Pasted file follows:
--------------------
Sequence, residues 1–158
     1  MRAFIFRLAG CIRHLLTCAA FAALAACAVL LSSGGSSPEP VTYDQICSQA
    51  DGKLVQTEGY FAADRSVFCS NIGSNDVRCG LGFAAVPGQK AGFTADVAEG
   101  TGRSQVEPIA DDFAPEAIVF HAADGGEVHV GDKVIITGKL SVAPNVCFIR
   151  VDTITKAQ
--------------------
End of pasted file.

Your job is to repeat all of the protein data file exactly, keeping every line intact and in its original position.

Sequence, residues 1–158
     1  MRAFIFRLAG CIRHLLTCAA FAALAACAVL LSSGGSSPEP VTYDQICSQA
    51  DGKLVQTEGY FAADRSVFCS NIGSNDVRCG LGFAAVPGQK AGFTADVAEG
   101  TGRSQVEPIA DDFAPEAIVF HAADGGEVHV GDKVIITGKL SVAPNVCFIR
   151  VDTITKAQ